Ohio State, per the usual, was the preseason pick to win the Big Ten East and, ultimately, the entire league this season. Considering that the Buckeyes have won it every year since 2017, predicting a fifth straight conference title wasn’t too far of a stretch … at least back in spring.

But the Buckeyes appear to be struggling. There might be a flaw in Ohio State’s once-mighty armor. For the past 2 weeks, the Buckeyes have failed to impress, losing at home, 35-28, to a pretty solid Oregon team and failing to put away Tulsa until late during a lackluster 41-20 home win this week.

While everyone has their eyes on Ohio State, Michigan and Michigan State have steadily improved on a weekly basis and look to be legitimate threats when it comes to contending for supremacy in the East and in the league as a whole. Of course, that’s based on what has been demonstrated throughout the first 3 weeks. Things can change in an instant.

But so far, so good for both UM and MSU.

This past Saturday, Michigan pounded the daylights out of Northern Illinois, notching a 63-10 win in Ann Arbor. The Wolverines put up a season-high 606 yards and scored touchdowns during their first 9 drives.

It was an impressive win for Jim Harbaugh, whose run-heavy approach has the Wolverines undefeated after 3 games.

Meanwhile, Michigan State was taking care of business in south Florida, dismantling Miami 38-17 in Coral Gables; it was Spartans coach Mel Tucker’s third win over a top-25 team since assuming control of the program prior to the 2020 season. Tucker, the successor to Mark Dantonio, has the Spartans unbeaten and sitting pretty in East Lansing.

There are reasons to believe that the Spartans and Wolverines could put a fight in the East, rather than sitting back and watching the Buckeyes have all the fun. Pay attention to UM and MSU, because the division could be up for grabs if things continue to trend in the current directions.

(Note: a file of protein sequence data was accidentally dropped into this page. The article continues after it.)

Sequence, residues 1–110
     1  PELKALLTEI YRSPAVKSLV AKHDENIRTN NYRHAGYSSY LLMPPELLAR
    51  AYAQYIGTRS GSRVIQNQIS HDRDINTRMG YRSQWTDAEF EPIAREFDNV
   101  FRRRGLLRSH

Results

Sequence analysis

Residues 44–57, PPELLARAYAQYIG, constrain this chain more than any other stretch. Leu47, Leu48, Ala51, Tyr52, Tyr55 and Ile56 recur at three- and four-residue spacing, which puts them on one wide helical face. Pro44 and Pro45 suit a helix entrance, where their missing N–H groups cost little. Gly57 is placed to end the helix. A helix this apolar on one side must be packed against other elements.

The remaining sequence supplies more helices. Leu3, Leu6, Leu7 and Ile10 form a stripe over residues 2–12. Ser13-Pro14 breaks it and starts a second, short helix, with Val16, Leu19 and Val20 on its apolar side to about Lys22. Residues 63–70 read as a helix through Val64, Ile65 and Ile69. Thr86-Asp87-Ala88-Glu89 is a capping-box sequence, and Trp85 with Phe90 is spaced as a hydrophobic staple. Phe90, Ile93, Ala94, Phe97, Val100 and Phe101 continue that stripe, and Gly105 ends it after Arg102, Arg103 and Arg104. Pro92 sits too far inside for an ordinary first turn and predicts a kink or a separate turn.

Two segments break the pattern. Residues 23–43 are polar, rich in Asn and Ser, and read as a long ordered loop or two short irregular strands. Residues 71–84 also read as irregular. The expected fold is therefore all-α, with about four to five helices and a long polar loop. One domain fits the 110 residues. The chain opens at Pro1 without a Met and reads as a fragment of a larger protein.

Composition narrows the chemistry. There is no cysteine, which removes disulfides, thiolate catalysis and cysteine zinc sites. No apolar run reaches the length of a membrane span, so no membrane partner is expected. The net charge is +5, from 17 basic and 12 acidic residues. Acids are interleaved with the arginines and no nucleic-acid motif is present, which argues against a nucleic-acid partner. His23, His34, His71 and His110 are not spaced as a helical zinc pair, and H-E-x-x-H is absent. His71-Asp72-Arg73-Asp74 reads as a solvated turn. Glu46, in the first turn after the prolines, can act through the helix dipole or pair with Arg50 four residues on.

MSU strengths

The Spartans have always done well with a dominant, go-to running back.

Look back at the days of Le’Veon Bell and Edwin Baker, Sedrick Irvin and Jehu Caulcrick, Jeremy Langford — there has been no shortage of talent in the MSU backfield for more than a decade. This season, the Spartans have Kenneth Walker III, who entered Saturday as the No. 3 leading rusher in the nation (321 yards and 5 TDs). Against the Hurricanes, Walker had 27 carries for 172 yards during the somewhat-surprising road victory.

With Walker, Michigan State has a workhorse who’ll serve as the linchpin of the offense.

But there’s more.

Michigan State also has a capable QB in first-year starter Payton Thorne, who went 18-for-31 for 261 yards and 4 TDs against Miami. Thorne has been efficient through the first 3 weeks and has yet to throw an interception. Momentum is on his side, and he’s certainly been a major source of energy for the Spartans.

Wide receiver Jalen “Speedy” Nailor has emerged as a staple of the offensive attack, giving the Spartans at least 3 key pieces on offense. As the offensive line develops, so will the rest of the offensive approach — and with Thorne, Walker and Nailor, the Spartans have the right pieces to really do damage on the offensive side of the ball.

These aren’t the days of Connor Cook and Kirk Cousins, or BJ Cunningham and Mark Dell, but the Spartans are developing a Thorne-Nailor connection that could rival any previous QB-WR duos in recent MSU history.